ABM, CDP, Intent and AI – Oh My!
One of the perks of being part of the Marketing Center of Excellence at Insight is the exposure we get to marketing tech trends and solutions.
In 2018 we talked to industry analysts, attended tech conferences, met with countless MarTech companies (both during due diligence and to introduce to portfolio companies), and saw new types of tech being effectively used by marketing teams throughout our portfolio.
As we begin the year, we wanted to share some of our learnings and what’s on our radar for 2019.
1. Account Based Marketing Platforms
As you read in our prior post on What’s Top of Mind for Onsite in 2019, account based marketing (ABM) is still top of mind. We feel strongly that highly personalized, seamlessly orchestrated interactions – which is the core of ABM – will be an important part of B2B marketing going forward.To do this at scale, technology is a key component. ABM tech vendors are rapidly evolving – whether through tight integrations, new capabilities, or acquiring other vendors – towards the dream of a true consolidated ABM platform. And why stop there? Why not build out email functionality and go head-to-head with marketing automation platforms (MAPs) to become the centerpiece of the MarTech stack? This makes ABM platforms one of the top tech areas to watch in 2019. But, let’s not get to ahead of our skis here. While the promise of an integrated platform is compelling, we still encourage companies to figure out their ABM strategy first before over-investing in tech. It may be the case that specific point solutions or utilizing capabilities in existing tools (note: MAP vendors aren’t sitting idly by) may make more sense, especially in the initial stages of an ABM roll-out.
2. Website Personalization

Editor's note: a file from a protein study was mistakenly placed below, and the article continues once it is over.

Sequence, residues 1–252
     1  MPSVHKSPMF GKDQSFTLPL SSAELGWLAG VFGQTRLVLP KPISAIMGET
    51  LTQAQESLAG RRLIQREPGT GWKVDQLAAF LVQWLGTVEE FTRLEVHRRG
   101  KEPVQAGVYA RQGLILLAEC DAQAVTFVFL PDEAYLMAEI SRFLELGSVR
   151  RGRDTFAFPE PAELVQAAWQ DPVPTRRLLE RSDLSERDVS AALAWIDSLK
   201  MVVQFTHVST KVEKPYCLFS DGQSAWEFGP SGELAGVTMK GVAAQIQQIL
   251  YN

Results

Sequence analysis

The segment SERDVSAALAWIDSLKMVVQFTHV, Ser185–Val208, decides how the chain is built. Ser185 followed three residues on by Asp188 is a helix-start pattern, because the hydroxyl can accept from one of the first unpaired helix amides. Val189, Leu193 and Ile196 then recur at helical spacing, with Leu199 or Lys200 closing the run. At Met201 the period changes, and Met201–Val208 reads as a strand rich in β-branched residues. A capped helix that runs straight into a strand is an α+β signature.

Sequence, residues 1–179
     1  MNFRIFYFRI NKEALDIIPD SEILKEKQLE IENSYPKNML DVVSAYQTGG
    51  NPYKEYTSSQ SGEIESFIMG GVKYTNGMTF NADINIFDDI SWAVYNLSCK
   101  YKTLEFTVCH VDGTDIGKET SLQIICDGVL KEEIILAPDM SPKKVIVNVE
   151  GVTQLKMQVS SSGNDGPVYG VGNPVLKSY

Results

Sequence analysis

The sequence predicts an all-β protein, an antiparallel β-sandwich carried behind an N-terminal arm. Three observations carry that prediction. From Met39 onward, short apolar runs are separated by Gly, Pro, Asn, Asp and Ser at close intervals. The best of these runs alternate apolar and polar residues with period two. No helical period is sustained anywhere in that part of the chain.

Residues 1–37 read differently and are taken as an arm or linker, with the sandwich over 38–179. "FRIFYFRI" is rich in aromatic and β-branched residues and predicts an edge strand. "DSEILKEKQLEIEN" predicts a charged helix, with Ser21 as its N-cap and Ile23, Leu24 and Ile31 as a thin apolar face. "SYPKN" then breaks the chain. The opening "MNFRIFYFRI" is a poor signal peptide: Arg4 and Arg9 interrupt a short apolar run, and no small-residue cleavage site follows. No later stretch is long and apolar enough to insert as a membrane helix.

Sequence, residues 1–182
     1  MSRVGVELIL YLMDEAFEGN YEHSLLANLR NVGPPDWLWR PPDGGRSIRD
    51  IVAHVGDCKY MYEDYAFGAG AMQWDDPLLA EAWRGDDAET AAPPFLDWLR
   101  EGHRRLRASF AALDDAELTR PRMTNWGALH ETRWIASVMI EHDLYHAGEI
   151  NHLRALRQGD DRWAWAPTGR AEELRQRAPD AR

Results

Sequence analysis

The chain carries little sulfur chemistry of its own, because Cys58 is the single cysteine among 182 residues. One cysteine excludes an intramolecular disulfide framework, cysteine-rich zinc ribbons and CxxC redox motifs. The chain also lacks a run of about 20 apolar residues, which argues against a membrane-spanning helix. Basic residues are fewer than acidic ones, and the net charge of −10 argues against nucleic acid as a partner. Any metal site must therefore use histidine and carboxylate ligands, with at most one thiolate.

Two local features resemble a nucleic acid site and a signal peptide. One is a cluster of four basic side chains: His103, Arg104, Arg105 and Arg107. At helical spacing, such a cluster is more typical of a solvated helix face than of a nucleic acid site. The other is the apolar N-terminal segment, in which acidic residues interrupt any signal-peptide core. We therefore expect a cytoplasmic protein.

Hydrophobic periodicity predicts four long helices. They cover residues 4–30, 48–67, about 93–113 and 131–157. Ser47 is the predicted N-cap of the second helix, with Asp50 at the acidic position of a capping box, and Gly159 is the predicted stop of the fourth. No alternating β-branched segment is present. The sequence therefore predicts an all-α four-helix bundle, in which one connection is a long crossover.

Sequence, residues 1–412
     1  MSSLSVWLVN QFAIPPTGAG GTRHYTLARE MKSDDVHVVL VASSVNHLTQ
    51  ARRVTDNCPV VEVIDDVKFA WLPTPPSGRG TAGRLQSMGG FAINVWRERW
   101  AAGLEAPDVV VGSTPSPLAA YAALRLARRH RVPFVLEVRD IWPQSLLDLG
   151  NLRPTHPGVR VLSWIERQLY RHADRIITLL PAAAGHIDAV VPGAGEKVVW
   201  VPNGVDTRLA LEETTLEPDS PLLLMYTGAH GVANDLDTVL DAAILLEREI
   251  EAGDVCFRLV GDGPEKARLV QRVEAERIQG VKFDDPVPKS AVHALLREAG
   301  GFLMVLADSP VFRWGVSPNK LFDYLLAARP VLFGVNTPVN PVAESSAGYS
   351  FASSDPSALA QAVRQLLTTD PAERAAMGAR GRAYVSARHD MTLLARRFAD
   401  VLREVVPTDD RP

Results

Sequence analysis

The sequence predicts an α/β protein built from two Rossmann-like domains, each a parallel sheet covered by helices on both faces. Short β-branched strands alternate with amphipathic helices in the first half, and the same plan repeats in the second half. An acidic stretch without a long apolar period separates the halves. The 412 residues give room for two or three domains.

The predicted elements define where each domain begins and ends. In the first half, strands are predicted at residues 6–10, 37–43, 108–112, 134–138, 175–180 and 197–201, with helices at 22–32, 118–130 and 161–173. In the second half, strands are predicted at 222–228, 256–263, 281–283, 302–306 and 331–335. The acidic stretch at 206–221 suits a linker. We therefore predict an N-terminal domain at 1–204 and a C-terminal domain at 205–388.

While nothing beats a comprehensive and tightly orchestrated ABM strategy … that’s not exactly easy to pull off. Many companies who aren’t quite ready to go full-ABM get immediate benefits from a website personalization strategy that leverages custom images, call-to-actions, and content. This personalization can be driven by any number of factors, the most common ones being industry, persona, stage of buyer’s journey, or topics of interest (note: be weary of crossing into “creepy” personalization). Website personalization can help drive higher engagement and conversions by immediately presenting visitors with highly relevant information, making them feel truly understood and increasing their confidence in the company and solution. In short, for those who can’t quite pull off a full ABM strategy yet, website personalization offers an initial step towards the dream of highly personalized, 1:1 engagement with prospects and customers. Some form of website personalization is offered by many existing solutions, including website optimization tools, marketing automation platforms, and ABM platforms. There are also numerous point solutions that have more robust offerings and interesting features, especially around content personalization. If you aren’t doing website personalization yet, this would be a good time to start. And chances are, you already have a tool in place that can do it (for an extra fee, of course).